With the outbreak of the Civil War in 1860, she attempted to join the Union Army. When denied a commission, she volunteered as a nurse instead. While working at a hospital in Washington, D.C., she discovered mothers and wives of soldiers living in parks and sleeping on benches. Spurred into action, she helped found the Women's Relief Association.




In September 1863, she was awarded a contract as an Active Assistant Surgeon for the Army of the Cumberland. When she was finally commissioned into the military in 1864, she became the first woman Doctor to service in Army Medical Corp. She modified her officer's uniform in response to the demands of traveling with the army and working in field hospitals near the front lines . She was later transferred to the 52nd Ohio Infantry.
During this time in the army she was also a spy for the Union.

In 1864 she was taken as a prisoner of war, the first American woman POW, and spent four months in a Richmond POW camp. She and two dozen other Union doctors were exchanged for seventeen Confederate surgeons.

She left the army in 1865 and was paid $8.50 a month in a pension. Even when it was raised to $20 a month, it was less than what a widow received as a pension.

On November 11, 1865, President Johnson signed a bill awarding Mary Edwards Walker with the Congressional Medal of Honor for her Meritorious Service. She is the only woman ever to receive the Medal of Honor, the United States' highest award.

Her medal was revoked, along with 910 others, by an act of congress in 1917 when the Medal of Honor standards were revised to include “actual combat with the enemy”. Mary refused to return her medal and wore it daily until her death. In 1977, an army board restored her medal, citing her “distinguished, gallantry, self-sacrifice, patriotism, dedication and unflinching loyalty to her country, despite the apparent discrimination because of her sex.”

After the war, Mary's activities became more political. She fought for women's rights (including changes in marriage and divorce laws), dress reform, and health and temperance issues. She traveled across America and abroad lecturing on her beliefs. During this time she also wrote two books, HIT, an autobiography and UNMASKED OR THE SCIENCE OF IMMORALITY, a book on the infidelity of men.

For most of her life, Mary was a strong proponent of dress reform, stating that women's clothing was immodest and inconvenient. She herself wore full male dress for the latter part of her life and was proud of her multiple arrests for wearing men's clothing. In 1866, she was elected president of the National Dress Reform Association. Her eccentricities, however, often alienated her from fellow reformists, especially suffragists. Noticeably, she was against a constitutional amendment for women's right to vote because she felt the constitution already gave women the right to vote.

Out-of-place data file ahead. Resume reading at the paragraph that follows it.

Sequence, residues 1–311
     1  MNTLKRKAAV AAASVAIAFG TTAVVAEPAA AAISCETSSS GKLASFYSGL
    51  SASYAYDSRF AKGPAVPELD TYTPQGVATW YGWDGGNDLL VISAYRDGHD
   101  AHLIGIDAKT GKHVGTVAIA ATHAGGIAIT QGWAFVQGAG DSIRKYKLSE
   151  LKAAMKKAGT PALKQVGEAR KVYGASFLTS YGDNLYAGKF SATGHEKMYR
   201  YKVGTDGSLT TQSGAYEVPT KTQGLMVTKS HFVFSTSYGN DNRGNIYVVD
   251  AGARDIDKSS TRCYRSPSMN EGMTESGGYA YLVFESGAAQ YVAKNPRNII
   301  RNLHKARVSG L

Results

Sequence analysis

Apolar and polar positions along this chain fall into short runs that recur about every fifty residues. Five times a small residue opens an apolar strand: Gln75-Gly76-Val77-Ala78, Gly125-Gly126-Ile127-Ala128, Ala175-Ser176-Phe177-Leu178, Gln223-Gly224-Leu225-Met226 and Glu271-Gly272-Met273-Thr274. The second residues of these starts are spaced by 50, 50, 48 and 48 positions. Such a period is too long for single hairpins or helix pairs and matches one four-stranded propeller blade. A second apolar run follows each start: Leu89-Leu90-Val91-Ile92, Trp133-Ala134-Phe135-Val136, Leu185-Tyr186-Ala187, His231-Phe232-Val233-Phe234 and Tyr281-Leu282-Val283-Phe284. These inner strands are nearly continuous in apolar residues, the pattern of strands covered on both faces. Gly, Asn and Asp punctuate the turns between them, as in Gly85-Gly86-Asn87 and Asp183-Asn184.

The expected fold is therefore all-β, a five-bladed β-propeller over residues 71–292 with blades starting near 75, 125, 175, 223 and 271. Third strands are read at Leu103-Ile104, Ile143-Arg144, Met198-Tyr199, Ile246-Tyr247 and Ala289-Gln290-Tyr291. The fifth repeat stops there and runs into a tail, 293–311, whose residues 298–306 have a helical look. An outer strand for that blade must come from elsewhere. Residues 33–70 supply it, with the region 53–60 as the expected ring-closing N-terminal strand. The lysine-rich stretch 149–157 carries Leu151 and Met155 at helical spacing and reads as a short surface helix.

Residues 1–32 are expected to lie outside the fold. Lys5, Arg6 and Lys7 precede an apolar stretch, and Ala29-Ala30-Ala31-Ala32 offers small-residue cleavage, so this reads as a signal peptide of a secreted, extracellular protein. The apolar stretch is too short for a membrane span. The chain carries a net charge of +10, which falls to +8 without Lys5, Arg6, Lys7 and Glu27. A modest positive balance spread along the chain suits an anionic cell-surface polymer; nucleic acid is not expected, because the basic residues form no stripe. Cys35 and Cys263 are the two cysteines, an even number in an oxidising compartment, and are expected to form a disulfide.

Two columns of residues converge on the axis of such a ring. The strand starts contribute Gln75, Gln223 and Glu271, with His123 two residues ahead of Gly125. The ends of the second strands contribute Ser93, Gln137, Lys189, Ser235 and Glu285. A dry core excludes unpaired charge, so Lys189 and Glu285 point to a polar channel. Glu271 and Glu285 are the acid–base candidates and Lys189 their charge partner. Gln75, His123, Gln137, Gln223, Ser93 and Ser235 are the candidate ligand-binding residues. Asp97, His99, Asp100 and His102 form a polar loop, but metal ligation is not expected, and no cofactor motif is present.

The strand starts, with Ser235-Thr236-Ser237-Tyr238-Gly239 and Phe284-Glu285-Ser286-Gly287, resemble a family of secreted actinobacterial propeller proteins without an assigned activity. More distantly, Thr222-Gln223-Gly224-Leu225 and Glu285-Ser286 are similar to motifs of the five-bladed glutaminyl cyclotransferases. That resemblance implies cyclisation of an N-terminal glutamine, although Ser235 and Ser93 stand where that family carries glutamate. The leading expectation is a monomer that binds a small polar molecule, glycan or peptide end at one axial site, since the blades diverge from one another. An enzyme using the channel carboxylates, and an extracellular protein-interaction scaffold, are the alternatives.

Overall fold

She spent her last years on her family's Bunker Hill farm in Oswego. She died at her home on February 21, 1919 and is buried at the Rural Cemetery in the Town of Oswego.
For additional information on Mary, check out:
(this is a really good site, one I didn't read before I wrote this, so it's worth looking over for additional information.)

Anna Kathryn Lanier
SALVATION BRIDE

Wednesday, March 18, 2009

Guest Blogger - Skhye Moncrief: Books of Magic for Research

President of Hearts Through History Melinda Porter invited me over to share a few resources that might be helpful to those authors wanting to put what I consider an authentic slant to their historical wips without going over the top and creating a new world that has nothing to do with what readers consider historical. I'm known on my blog, SKHYE'S RAMBLINGS, for posting my personal collection of reference books. My library spans many topics. "Many" may not be the best word. For example, I'm formally educated in geology (paleontology) and anthropology (bioarchaeology). A person acquires a lot of books studying those two subjects. I've also taken quite a bit of ceramics and art history on the side. Then, I write about time travelers who are alchemists from the future who use magic and a force only the fairies control to travel along the timeline. Take alchemy as an outgrowth of scientific study, add Druid and Freemason beliefs, and shake... You can see how I had to do some research to devise logical cultural evolution for my time travelers in the future.

My personal library tripled in size as the geo-archaeologist pushed up her sleeves and went in to descry what in the heck Druids were in prehistory, history, and today. We literally know nothing other than what Romans reported in documents or what has been historically recorded in the past few centuries as the revival of a belief system. The same holds true for witchcraft. But what we do have to play with when researching fairies are a few wonderful collections of information that were written by people we hold in high esteem--academia. I'm going to share some of the books with you just in case you're writing a historical with a speck of magic. Okay, maybe you just need to know which deity a person might have known about or secretly revered...

SPIRITS, FAIRIES, LEPRECHAUNS, AND GOBLINS: An Encyclopedia by Carol Rose. If you want to find a vague legend to weave into your historical wip, buy this book.

GIANTS, MONSTERS, AND DRAGONS: An Encyclopedia of Folklore, Legend, and Myth by Carol Rose. Rose's other collection of factual tidbits is certain to become a springboard for your creativity.

Turner, Coulter, and Coulter's DICTIONARY OF ANCIENT DIETIES has it all. Flip to any page and find tons of information from cultures through time spanning the globe.

Lindahl, McNamara, and Lindow's MEDIEVAL FOLKLORE is a book I refer to often. It's extensive entries can often be overwhelming when you go in to search for an answer. But I'd rather be inundated with information than operate on a line or two.